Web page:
First, make sure that the paper actually has a thesis that predicts what the rest of the paragraphs will be about. Once your thesis is clear, read each paragraph; this would be an ideal time to consider topic sentences (those sentences that control the focus of the paragraph) and ask yourself if those points are introduced or referenced in the thesis. If there is a paragraph that doesn’t seem to fit with the rest, either add it to your thesis or delete it entirely!

For example:

Thesis: Dogs are better than cats because they are loyal and playful.

First point: Dogs are loyal whereas cats are not.

Second point: Dogs are always eager to please; cats wait to be pleased.

Third point: Dogs love to play but cats rarely deign to play.

In this example, the second point about eagerness to please is not in the thesis statement. The thesis should be revised to add this point: Dogs are better than cats because they are loyal, accommodating, and playful.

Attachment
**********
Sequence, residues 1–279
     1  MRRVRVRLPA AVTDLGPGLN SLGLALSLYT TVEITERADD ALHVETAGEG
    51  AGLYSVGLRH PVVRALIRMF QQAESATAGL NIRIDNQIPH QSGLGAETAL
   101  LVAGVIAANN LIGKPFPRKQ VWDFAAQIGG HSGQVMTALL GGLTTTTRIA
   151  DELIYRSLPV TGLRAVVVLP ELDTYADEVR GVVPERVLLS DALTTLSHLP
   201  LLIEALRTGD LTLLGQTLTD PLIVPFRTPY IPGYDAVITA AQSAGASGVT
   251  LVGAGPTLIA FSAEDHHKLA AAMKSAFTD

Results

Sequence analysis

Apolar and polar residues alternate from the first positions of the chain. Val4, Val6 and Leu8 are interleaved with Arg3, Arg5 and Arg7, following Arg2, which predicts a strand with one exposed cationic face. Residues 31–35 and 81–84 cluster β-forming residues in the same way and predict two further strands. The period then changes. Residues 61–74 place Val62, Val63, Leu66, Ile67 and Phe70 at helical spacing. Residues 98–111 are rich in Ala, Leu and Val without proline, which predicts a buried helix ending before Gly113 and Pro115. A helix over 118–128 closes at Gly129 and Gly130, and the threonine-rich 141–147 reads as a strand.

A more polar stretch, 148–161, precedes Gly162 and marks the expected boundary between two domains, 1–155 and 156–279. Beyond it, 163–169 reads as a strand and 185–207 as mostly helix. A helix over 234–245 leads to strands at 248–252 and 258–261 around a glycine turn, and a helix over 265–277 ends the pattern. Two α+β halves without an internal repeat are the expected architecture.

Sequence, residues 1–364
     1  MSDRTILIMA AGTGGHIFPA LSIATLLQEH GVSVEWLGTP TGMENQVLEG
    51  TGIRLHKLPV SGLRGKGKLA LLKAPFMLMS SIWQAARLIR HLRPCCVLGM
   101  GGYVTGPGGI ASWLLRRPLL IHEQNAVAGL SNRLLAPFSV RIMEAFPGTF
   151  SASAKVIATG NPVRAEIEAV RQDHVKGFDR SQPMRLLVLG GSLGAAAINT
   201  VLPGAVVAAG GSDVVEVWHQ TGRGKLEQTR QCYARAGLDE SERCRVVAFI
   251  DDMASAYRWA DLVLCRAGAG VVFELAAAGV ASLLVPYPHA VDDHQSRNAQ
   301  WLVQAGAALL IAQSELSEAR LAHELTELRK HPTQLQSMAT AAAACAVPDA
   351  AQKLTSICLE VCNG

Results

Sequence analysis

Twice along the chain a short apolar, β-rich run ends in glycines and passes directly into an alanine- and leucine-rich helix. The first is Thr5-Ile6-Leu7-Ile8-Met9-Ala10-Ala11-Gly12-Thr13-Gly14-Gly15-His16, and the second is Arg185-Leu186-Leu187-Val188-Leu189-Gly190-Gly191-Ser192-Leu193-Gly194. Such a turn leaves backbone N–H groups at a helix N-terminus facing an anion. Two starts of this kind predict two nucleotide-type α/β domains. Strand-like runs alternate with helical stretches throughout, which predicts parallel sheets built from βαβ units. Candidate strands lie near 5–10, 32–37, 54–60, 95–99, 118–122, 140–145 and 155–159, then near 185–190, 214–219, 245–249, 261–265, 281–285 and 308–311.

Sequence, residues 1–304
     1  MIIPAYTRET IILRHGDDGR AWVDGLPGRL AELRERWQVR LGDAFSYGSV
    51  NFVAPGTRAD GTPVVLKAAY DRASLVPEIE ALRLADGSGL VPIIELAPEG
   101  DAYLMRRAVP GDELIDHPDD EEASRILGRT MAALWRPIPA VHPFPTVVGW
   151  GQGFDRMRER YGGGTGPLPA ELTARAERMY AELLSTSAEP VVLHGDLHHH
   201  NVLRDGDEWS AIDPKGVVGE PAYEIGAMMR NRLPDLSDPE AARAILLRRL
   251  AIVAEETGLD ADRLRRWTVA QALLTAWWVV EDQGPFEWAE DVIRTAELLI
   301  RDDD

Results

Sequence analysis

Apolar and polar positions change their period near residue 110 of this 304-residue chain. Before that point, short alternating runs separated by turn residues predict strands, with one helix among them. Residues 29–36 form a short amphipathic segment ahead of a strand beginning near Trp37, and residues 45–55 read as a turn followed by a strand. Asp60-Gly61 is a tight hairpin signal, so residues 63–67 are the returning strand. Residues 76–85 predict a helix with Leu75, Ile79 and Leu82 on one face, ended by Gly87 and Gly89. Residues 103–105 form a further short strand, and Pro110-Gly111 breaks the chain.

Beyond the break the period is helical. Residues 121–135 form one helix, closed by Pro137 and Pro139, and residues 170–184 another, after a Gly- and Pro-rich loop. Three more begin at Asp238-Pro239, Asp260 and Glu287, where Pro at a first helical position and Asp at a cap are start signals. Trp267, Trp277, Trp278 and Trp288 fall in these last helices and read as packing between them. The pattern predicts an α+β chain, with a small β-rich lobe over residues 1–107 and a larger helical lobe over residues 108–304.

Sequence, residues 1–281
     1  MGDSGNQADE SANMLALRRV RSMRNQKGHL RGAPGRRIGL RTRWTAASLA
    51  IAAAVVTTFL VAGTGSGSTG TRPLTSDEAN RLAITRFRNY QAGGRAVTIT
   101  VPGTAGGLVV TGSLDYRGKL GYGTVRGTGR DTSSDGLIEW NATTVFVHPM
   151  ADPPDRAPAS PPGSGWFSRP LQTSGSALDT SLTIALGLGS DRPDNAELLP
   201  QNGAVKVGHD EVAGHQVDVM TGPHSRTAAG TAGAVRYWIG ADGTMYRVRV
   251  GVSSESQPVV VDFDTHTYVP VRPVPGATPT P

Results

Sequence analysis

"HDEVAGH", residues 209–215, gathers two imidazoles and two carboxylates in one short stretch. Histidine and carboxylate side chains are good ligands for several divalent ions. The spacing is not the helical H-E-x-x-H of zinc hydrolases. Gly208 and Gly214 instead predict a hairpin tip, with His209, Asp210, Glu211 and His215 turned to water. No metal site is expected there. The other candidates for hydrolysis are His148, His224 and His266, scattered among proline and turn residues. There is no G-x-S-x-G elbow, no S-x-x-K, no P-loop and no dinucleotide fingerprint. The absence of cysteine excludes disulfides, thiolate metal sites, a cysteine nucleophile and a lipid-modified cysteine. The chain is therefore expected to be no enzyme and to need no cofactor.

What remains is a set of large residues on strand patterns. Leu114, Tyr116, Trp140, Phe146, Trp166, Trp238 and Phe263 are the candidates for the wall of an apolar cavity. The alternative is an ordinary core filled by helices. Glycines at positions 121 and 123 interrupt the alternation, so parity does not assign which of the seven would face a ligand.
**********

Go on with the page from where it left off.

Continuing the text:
Now you try! See if you can pick out the thesis statement in the passage below:

Stephen King, creator of such stories as Carrie and Pet Sematary, states that the Edgar Allan Poe stories he read as a child gave him the inspiration and instruction he needed to become the writer that he is. Poe, as does Stephen King, fills the reader’s imagination with the images that he wishes the reader to see, hear, and feel. His use of vivid, concrete visual imagery to present both static and dynamic settings and to describe people is part of his technique. Poe’s short story “The Tell-Tale Heart” is a story about a young man who kills an old man who cares for him, dismembers the corpse, then goes mad when he thinks he hears the old man’s heart beating beneath the floor boards under his feet as he sits and discusses the old man’s absence with the police. In “The Tell-Tale Heart,” a careful reader can observe Poe’s skillful manipulation of the senses.

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